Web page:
Siding with Loflin, another MDOT official, Don Drake, replied to the thread: “John is my witness… he (McLemore) was told to present that in a ‘diplomatic’ way and not in writing. It was suggested he remind the attorney – verbally – that the frontage road project would basically be utilized by a small group and not the public at large. The intention was specifically not to name the ‘small’ group… In the future I will not provide any further verbal instructions to Mr. McLemore.”
The question of safety disputed
From the time the Lakeland Drive expansion was first granted state funding in 2014 to when construction began in October 2015, the frontage road was not included in the project. MDOT added the frontage road as the final phase of a larger widening project of Lakeland Drive.
Documents show MDOT added the frontage road phase to the widening project in September of 2016, about one year after construction began on the widening. Early talks about the frontage road started as early as 2013, long before plans were underway to widen U.S. 25/Lakeland Drive in Flowood.
Plans for the $2 million frontage road phase of the project, which would have benefited two Flowood gated neighborhoods — Oakridge Trail and Dogwood Place — called for 80 percent funding from the Federal Highway Administration. The federal agency granted the request to add the frontage road to the widening project in September 2016. The state, through MDOT, was to fund the rest of the project.
Officials from Flowood and residents in the neighborhoods consistently argued in emails from 2014 to 2017 that the frontage road was needed to improve public safety.
“I expressed to the (Flowood Board of Aldermen) last night the help and concern the city has shown for the safety of folks in the neighborhoods in trying to work out a solution and they all expressed appreciation,” Kirk McDaniel, a Flowood alderman and resident of Dogwood Place, wrote in October 2015. “It really is a safety issue for folks, especially those in their 70s and 80s, and the last thing any of us wants is to attend a funeral for a neighbor killed while trying to cross the road.”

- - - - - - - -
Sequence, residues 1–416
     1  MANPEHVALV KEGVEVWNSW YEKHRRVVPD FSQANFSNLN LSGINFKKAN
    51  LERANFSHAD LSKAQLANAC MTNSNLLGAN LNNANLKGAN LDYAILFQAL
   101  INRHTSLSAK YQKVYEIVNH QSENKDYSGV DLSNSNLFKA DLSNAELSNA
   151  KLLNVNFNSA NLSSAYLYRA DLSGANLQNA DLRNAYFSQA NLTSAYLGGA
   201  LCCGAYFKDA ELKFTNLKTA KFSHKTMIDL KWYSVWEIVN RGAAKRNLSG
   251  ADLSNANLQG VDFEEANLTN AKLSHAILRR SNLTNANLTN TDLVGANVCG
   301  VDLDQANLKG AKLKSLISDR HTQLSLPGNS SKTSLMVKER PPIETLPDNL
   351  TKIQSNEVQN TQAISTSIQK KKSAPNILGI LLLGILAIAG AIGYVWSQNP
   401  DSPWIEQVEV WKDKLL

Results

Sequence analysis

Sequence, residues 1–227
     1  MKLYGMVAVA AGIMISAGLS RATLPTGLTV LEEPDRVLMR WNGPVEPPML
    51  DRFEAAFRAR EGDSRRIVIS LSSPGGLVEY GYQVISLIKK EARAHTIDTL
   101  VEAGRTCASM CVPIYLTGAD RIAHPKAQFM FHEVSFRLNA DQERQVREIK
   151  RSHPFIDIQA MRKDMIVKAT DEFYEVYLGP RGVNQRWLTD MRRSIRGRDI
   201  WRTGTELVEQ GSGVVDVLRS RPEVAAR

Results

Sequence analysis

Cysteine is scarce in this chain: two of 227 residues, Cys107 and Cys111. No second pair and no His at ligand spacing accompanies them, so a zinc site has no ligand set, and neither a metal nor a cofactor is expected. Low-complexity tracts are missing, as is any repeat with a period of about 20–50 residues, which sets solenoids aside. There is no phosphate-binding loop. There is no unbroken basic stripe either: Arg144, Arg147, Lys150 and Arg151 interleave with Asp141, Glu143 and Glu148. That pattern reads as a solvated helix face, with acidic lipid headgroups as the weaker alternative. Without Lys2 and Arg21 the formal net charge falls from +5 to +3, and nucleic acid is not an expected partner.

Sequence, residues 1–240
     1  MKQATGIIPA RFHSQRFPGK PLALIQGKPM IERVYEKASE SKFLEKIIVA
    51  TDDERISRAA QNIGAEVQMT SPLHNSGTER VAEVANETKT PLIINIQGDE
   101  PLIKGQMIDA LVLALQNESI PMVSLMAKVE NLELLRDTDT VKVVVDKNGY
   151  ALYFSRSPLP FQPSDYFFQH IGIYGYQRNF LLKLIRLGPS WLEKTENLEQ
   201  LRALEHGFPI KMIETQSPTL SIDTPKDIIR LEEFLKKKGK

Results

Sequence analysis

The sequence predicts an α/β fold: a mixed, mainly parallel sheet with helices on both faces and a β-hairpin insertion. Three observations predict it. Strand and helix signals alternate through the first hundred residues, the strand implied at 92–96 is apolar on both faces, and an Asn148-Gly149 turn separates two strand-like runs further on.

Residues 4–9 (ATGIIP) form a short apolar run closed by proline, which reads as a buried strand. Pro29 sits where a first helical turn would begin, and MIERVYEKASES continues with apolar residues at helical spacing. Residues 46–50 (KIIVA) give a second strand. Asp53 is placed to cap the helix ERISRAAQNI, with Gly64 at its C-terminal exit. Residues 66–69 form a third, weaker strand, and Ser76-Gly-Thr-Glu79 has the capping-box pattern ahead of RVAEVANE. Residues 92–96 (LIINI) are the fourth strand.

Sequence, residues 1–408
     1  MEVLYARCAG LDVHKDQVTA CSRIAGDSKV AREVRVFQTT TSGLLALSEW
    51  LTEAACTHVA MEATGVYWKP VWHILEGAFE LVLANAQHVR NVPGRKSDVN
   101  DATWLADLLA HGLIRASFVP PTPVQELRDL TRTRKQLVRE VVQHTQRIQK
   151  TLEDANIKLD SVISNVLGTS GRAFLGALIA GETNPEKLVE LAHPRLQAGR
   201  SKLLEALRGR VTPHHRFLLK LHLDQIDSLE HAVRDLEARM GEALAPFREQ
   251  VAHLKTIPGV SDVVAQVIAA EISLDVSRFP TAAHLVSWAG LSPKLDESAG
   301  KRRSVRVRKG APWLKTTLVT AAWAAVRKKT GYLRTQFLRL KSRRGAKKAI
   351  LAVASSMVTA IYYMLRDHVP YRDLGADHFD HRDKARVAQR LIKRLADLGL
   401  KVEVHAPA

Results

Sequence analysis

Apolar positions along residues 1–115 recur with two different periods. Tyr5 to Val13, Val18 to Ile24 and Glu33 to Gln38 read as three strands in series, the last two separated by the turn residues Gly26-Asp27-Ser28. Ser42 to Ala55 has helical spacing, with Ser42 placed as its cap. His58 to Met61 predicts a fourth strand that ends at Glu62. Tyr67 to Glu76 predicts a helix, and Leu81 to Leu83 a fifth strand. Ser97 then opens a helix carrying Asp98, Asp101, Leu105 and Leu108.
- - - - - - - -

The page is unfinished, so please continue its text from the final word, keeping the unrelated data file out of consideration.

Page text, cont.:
Gary Rhoads, Flowood’s mayor and a power player in Rankin County Republican political circles, echoed McDaniel in a subsequent email nearly 18 months later.
“We remain concerned that this (the widening of Lakeland Drive from four lanes to six lanes) will be an extremely dangerous situation that could result in injury or death to our citizens,” Rhoads wrote to McGrath in June 2017.
Neither Rhoads nor McDaniel responded to emails and phone calls requesting an interview for this story.
However, these statements stood in contrast to MDOT’s internal analysis, showing that neither crash data nor traffic signal studies concluded that any traffic easement project was necessary for the two neighborhoods, which MDOT officials noted in several emails.
James Sullivan, an MDOT state traffic engineer, provided data in January 2016 to employees showing traffic signals at the neighborhood’s intersection were not warranted. Wes Dean, MDOT assistant chief engineer, forwarded the data to McGrath, who then asked her assistant to print the information.
“Attached are the signal warrant analyses for the two intersections on Hwy 25,” Sullivan wrote on Jan. 26, 2016. “None of these, either straight up or combined, meet a signal warrant.”
In engineering terms, a warrant refers to a condition that an intersection meets in order to justify installing a traffic signal.